The Diet Detective does an annual study on the healthfulness of airline catering. And, in its 2019 in-flight food nutrition ratings, Alaska Airline scored among the best, while Hawaiian came in near the bottom.
Like prior years, Diet Detective contacts airlines based in North America to obtain their nutritional information for food served or made available for purchase to economy class passengers on domestic flights. Airlines included in the study are Air Canada, Alaska, Allegiant, American, Delta, Frontier, Hawaiian, JetBlue, Southwest, Spirit, and United.
In the study, airlines are ranked on a scale of 1 to 5 with 5 being the best (healthiest). And this year, this is how the above airlines fared:
- Air Canada (4)
- Alaska Airlines (4)
- JetBlue (2.9)
- Delta (2.9)
- United (2.7)
- American (2.7)
- Frontier (2.0)
- Allegiant (1.9)
- Spirit (1.9)
- Hawaiian (1.9)
- Southwest (1.7)
It’s interesting to note that all of the legacy airlines are in the upper half of the list, while low-cost carriers (and ULCC) made up the bottom half. That is, of course, with the one legacy exception, Hawaiian. In fact, Hawaiian got the “shame on you award” for not providing all of its nutritional information.
My Personal Experience With In-Flight Meals
Of the above airlines, I’ve flown four of them in the past year or two. And of the four, I’ve eaten a meal with three of them. So, let’s take a look at how the meals compare with those three airlines. Keep in mind, though, that meal offerings change often. As a result, what I ate isn’t representative of what’s on offer now and the corresponding nutritional information.
The clear winner out of the U.S.-based airlines is Alaska. And that should come as no surprise since the airline has been focusing on healthier meals. Plus, the airline scored well in water quality and is making major strides to reduce its environmental impact.
But, anyway, since its merger with Virgin, all Alaska economy class meals are cold sandwiches, salads, and platters. At first, I lamented this decision, but I’ve come to like many of the new items. And, not only do their meals taste great, but they’re also generally not bad for you too. In fact, the average caloric count of Alaska’s meals is 388. The worst offender is, of course, the lunch/dinner sandwich at over 600 calories, while the salad comes in at around the mid-300’s.
Mrs. Island Miler and I normally split a salad and sandwich when flying together on an Alaska lunch/dinner flight.
At breakfast, though, we’ll usually get our own sandwich, which usually scores around the mid-400 calorie range.
When I went to Utah late last year, I flew Delta. And for my return flight, I decided to buy their Flight Fuel PM Mesquite-Smoked Turkey Combo.
That thing isn’t cheap, but it’s a tasty sandwich and pretty filling too. It packs more calories than Alaska’s sandwich at over 700 calories, but it is a bigger sandwich that also comes with a bag of chips and cookies! Plus, the meal packs more protein (45 grams versus 30 grams) for the same amount of fat (24 grams).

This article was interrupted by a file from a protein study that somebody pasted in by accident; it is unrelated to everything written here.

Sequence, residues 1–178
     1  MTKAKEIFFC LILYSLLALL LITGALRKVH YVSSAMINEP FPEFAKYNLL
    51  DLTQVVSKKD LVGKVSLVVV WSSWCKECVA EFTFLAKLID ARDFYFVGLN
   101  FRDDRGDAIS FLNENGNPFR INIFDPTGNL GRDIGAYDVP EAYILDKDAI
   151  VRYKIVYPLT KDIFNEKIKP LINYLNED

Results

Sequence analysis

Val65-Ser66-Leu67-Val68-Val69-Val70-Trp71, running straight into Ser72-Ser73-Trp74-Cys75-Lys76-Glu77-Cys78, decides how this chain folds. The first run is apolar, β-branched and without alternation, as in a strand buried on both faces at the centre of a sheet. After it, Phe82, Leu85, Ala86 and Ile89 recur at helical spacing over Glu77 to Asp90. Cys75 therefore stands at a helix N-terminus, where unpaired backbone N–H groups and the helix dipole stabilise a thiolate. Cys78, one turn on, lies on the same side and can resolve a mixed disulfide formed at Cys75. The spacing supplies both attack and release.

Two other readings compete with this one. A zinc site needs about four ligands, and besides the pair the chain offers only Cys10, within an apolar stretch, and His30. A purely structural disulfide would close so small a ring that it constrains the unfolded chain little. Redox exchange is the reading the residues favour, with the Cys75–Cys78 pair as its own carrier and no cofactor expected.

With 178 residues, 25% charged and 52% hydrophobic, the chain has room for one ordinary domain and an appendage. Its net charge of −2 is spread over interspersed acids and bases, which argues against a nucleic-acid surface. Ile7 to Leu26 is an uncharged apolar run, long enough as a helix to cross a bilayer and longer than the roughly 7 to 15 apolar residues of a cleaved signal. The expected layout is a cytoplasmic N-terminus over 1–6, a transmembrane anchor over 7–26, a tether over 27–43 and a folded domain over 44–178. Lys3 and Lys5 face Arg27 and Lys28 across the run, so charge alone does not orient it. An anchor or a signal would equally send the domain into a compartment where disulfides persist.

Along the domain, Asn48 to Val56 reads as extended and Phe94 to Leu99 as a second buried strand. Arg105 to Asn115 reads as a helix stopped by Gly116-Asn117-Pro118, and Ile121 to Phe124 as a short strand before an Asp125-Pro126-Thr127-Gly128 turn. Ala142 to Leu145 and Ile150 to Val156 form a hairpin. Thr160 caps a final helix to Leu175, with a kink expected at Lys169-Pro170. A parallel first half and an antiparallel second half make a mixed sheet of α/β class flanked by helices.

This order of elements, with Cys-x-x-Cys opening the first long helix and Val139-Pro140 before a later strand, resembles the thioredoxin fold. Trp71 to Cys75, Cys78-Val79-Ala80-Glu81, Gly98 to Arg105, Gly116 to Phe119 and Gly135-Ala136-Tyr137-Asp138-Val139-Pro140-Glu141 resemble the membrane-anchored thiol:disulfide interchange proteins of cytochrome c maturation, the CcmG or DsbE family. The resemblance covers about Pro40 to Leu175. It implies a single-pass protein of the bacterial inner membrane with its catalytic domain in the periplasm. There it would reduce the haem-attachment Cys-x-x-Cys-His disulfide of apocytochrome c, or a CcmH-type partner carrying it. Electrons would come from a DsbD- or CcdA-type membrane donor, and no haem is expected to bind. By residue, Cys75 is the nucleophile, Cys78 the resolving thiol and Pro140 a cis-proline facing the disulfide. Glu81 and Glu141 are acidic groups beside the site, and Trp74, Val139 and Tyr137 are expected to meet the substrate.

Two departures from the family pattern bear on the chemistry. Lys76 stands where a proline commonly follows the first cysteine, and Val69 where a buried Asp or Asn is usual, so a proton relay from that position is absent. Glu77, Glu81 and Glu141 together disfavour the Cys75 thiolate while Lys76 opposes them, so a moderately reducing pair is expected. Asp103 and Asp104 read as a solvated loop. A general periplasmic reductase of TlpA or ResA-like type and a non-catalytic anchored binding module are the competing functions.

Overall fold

Oh, Hawaiian. A few years ago, you offered mediocre hot meals that left me wanting. Which is bad since your PNW flights all arrive late at night.
But, then, you guys switched to generally terrible sandwiches that taste worse and are less satisfying. And, even then, you guys manage to place dead last amongst legacy carriers.
To their credit, Hawaiian’s sandwiches pack significantly fewer calories (400-490) than Delta’s and Alaska’s. But, that’s also because the damn thing is so tiny. Yet, that crappy turkey pastrami sandwich I had flying from Seattle to Honolulu manages to have more calories (28 grams) than Delta or Alaska’s sandwiches with less protein (26 grams).
That said, Hawaiian’s sandwich is free, and I do love their Pau Hana Snack Mix. Not that any of this really matters to me, though, as I most often fly red-eye to the West Coast. And when you do so, you get no meal because they give you a blanket instead.
2019 In-Flight Food Health Ratings, Final Thoughts
While I generally try (at least a little) to take better care of myself nowadays, I don’t really look at nutritional information while traveling. My goal while eating in the air is to eat something that’ll keep me satiated and not upset my annoyingly delicate stomach. And, as you all know, when I’m traveling, I’m trying to shove as much great eats down my throat as possible too. Thankfully, I walk far more when I’m away from home too, so it kind of balances out, right?
If airline food nutrition interests you, I recommend you check out the Diet Detective’s full article here. It’s a pretty interesting read, though I doubt I’d ever follow any of the recommendations.